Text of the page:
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. Last Updated: 07/27/2016

Russia Joins Signatories Of Europe Energy Pact

LISBON, Portugal -- Russia and 45 other countries have signed the European Energy Charter, aimed at boosting investment in the energy sector of the former eastern bloc.


"This treaty sets the foundations for Russia's entry to an international network that will open up our economy and push forward the distribution and sale of our products," Russian Deputy Prime Minister Oleg Davydov said at the weekend signing.


The treaty aims to guarantee Western investments in the oil and natural gas fields of the former east bloc and paves the way for new investment by complying signatories to treat foreign energy firms on an equal footing as national ones. It also will encourage free trade, rights of transit among signatory states and set up dispute procedures in case of discrimination against foreign investors.


Davydov said Russia signed after last-minute consultations about trade in nuclear materials and the repatriation of investments from Russia to foreign investors. He said Russia had wanted to be sure that the treaty would not force it to adopt quotas on the sale of its nuclear materials, such as uranium.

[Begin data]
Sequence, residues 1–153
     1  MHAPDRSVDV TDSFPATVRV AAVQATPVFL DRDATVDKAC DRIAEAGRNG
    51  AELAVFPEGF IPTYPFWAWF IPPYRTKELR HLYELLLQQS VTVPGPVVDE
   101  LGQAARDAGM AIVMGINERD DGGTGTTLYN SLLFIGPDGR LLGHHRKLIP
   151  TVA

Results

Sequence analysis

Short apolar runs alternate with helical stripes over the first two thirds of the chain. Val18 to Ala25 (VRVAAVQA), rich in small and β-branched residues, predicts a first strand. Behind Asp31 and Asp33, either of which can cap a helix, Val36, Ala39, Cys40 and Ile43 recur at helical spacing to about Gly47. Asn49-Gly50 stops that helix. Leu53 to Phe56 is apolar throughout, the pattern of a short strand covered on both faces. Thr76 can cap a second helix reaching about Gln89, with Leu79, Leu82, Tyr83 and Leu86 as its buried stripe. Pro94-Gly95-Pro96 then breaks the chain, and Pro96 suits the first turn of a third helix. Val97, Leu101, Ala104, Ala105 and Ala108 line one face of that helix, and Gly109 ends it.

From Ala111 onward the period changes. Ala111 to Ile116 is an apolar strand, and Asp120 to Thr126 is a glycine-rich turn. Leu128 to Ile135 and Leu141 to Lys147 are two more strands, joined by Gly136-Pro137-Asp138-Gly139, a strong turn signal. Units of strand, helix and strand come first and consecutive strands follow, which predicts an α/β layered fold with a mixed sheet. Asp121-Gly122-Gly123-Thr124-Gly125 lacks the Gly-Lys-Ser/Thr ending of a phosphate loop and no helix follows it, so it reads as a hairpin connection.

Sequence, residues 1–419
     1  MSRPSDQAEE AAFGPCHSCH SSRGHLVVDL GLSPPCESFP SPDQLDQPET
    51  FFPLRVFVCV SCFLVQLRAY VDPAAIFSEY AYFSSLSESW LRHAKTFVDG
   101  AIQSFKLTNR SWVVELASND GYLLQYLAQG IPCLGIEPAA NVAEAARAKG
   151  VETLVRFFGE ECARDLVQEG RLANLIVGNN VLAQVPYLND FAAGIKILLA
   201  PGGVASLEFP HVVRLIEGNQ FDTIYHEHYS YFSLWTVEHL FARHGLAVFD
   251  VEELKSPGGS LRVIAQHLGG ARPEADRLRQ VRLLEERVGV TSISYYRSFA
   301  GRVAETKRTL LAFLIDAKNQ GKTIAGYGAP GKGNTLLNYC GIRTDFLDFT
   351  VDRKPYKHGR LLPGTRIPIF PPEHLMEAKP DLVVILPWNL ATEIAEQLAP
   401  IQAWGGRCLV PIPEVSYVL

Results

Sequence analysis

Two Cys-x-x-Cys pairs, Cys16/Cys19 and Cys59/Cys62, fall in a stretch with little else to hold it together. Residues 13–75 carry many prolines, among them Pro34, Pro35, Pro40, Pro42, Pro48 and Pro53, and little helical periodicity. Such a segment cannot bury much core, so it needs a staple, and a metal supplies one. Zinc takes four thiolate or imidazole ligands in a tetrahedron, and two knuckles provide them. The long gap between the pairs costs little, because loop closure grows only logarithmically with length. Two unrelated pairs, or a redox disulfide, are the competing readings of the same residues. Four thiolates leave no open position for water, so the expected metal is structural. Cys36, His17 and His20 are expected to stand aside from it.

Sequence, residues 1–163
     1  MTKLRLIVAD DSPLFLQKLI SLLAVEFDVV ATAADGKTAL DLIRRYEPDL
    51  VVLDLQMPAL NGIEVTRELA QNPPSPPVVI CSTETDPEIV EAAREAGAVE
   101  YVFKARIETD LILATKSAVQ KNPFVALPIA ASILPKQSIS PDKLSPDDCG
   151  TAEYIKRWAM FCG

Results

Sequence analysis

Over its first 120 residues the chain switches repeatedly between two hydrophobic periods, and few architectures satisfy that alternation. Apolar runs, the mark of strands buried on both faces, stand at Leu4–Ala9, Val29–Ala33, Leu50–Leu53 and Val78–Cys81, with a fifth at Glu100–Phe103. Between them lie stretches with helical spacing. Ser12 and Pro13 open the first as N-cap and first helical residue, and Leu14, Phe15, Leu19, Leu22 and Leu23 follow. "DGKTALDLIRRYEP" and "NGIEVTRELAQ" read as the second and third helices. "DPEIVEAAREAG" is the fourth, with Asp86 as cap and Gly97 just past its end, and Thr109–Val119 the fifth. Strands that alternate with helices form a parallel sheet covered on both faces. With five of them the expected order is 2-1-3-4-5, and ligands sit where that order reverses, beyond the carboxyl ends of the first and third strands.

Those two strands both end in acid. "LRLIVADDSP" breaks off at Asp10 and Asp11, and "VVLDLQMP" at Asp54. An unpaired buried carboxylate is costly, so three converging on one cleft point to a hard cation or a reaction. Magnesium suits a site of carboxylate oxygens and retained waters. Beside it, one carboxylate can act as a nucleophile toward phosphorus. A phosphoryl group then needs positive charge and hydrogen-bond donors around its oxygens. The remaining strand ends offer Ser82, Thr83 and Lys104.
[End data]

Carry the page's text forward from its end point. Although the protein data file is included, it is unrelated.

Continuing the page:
"Today in Russia we don't have any quantitive restrictions on the import of goods. We would be against the European Union applying any quantitive restrictions on Russia," Davydov said.


The EU's Energy Commissioner, Marcelino Oreja, said trade in nuclear materials between Russia and the EU was covered by cooperation agreements signed in 1989 and 1994.


"The problems related to nuclear material are excluded from the Energy Charter," Oreja said.


The U.S. and Canada had not signed the treaty as they had still to work out the implications for their states, conference chairman Charles Rutten said.


German Economy Minister Gunter Rexrodt said: "We in the EU are keen that the United States should sign the treaty and during the negotiations we tried everything to facilitate the signing by the U.S."


He added: "The door is open and we set great store by the expressed will of the U.S. to cooperate" with the aims of the treaty.